Cyber Criminals Are Now Targeting Your Kids

Cyber Criminals Are Now Targeting Your Kids

In today’s world, most parents are aware of the various predators that are out to harm their children. Now, parents can add cyber criminals to that list of concerns. While these criminals won’t physically harm your children, they can ruin your children’s credit and finances before they’ve even had a chance.

In 2015, 17.6 million Americans in the United States were victims of identity theft according to the Bureau of Justice Statistics. A majority of identity theft is due to data breaches committed by cyber criminals. The FBI ranks cybercrime as one of its top law enforcement priorities, and President Obama has recently proposed a $14 billion cybersecurity budget.

A data breach in November involving children’s toymaker, VTech, exposed 6.5 million children’s data. Approximately 3 million of those children were in the United States. The cost of VTech’s breach has reached approximately $116,000,000. Children are just as vulnerable to identity theft as adults. The fallout from data breaches affect so many individuals. Not only are the customers victim to having their personal information stolen, they also have to worry about their children’s personal information being compromised.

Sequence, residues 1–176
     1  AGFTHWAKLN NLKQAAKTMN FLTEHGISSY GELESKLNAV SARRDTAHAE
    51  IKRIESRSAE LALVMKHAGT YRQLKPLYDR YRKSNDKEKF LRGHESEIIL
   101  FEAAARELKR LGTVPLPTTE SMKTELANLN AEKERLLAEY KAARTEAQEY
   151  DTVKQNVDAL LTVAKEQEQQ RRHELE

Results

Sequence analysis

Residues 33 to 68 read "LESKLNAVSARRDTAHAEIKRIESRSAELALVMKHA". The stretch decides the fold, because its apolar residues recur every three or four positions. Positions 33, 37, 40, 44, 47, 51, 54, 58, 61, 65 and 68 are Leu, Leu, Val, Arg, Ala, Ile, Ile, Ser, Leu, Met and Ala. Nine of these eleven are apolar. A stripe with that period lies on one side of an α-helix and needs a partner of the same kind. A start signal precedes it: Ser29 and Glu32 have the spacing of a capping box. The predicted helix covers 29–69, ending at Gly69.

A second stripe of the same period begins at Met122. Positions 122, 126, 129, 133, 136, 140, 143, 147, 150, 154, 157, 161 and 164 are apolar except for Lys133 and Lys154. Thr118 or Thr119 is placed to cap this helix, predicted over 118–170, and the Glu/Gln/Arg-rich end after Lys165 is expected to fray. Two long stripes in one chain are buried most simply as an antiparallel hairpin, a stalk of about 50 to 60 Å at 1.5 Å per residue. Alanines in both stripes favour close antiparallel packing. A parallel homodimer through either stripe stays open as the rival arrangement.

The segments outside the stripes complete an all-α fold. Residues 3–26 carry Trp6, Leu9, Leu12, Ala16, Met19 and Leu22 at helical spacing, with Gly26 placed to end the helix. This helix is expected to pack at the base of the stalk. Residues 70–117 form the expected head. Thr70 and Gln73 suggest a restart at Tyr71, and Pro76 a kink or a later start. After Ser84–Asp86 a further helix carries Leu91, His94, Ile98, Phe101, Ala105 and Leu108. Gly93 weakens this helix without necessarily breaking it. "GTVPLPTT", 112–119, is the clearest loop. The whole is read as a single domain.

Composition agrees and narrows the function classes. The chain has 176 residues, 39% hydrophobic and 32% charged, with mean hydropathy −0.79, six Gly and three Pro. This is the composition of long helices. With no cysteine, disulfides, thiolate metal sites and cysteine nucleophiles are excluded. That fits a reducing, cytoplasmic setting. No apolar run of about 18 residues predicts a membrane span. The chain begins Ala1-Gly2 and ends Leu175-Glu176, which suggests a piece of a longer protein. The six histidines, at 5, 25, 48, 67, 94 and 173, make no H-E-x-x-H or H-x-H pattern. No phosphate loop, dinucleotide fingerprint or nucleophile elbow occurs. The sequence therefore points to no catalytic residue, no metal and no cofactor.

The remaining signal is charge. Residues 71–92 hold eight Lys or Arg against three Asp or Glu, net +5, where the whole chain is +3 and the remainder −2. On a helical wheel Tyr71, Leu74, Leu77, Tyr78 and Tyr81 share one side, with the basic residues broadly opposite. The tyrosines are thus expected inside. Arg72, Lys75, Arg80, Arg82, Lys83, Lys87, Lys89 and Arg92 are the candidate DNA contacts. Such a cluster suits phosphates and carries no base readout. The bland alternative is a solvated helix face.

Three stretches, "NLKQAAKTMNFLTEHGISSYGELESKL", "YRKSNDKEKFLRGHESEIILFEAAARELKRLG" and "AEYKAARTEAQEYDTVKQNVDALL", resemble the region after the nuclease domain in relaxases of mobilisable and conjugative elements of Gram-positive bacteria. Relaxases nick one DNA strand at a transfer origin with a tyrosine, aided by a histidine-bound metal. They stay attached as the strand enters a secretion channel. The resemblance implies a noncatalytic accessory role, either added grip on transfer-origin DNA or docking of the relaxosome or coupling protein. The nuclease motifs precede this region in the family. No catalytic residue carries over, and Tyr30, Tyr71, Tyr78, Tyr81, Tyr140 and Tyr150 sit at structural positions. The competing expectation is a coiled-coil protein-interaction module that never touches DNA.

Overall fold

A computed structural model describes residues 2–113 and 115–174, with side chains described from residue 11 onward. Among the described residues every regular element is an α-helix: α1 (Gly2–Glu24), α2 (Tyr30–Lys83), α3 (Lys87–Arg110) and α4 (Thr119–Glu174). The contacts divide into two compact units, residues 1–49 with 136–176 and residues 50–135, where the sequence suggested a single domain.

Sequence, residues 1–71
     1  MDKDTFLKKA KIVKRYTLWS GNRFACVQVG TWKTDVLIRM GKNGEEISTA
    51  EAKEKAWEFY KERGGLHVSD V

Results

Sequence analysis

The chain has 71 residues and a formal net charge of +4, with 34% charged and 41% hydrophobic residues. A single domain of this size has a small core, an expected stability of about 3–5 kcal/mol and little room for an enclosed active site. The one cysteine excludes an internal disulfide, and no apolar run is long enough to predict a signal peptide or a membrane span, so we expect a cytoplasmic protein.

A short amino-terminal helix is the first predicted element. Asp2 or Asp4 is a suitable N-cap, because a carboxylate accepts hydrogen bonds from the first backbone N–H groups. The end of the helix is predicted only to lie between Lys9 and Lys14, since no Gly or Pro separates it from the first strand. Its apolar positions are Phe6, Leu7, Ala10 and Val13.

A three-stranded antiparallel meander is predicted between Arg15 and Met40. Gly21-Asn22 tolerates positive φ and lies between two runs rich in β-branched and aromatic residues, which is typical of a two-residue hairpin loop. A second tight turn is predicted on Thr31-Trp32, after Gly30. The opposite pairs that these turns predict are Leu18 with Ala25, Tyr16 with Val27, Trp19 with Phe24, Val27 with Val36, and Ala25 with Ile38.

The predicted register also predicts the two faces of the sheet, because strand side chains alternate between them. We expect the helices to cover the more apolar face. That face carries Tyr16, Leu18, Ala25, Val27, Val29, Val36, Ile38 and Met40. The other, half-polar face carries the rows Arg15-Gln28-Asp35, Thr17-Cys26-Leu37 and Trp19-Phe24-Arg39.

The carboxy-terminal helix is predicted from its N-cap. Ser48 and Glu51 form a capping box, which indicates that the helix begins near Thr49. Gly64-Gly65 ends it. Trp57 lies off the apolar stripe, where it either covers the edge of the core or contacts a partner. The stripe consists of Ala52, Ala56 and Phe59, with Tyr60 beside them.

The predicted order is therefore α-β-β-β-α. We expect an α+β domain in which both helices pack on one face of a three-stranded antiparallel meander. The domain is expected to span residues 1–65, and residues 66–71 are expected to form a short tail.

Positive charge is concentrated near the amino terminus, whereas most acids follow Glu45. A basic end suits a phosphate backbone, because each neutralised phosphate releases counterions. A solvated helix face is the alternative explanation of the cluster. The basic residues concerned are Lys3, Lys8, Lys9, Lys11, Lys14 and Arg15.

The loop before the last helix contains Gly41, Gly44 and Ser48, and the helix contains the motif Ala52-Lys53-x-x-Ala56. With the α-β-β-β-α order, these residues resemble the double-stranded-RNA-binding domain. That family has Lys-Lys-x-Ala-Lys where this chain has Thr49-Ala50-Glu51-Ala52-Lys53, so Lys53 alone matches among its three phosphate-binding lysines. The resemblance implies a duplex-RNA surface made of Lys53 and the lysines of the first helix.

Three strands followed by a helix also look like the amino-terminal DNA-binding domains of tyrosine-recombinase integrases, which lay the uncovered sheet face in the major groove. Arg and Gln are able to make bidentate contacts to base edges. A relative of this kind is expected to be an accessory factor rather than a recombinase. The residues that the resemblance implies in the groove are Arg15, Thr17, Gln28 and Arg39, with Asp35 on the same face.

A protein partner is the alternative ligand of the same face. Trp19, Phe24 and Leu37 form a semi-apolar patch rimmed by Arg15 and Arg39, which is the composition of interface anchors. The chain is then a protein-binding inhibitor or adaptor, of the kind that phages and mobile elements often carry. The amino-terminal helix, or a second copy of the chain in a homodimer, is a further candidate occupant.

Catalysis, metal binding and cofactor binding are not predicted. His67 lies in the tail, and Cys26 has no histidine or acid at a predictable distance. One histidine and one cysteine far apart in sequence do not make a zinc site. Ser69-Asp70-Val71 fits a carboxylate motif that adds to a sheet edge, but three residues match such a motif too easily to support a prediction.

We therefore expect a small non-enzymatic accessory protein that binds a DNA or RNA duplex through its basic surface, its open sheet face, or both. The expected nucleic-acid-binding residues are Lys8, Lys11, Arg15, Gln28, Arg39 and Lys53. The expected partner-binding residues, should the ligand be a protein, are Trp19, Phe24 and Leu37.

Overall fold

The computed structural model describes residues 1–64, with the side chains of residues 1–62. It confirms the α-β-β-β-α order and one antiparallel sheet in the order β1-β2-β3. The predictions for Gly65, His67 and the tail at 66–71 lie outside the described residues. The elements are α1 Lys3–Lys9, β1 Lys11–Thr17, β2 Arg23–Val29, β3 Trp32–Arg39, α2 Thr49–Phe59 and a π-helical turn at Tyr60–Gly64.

This past week, Wi-Fi-enabled toys from the Fisher Price line named ‘Smart Toy’, have been diagnosed with a security vulnerability, as well. Hackers had the ability to access children’s names, birthdays, gender, and more personal information. Fisher Price has since announced that this vulnerability has been remediated and no longer poses a problem. However, with the IoT (Internet of Things) well on it’s way and being implemeted into children’s toys, these security risks will only become more and more of an issue.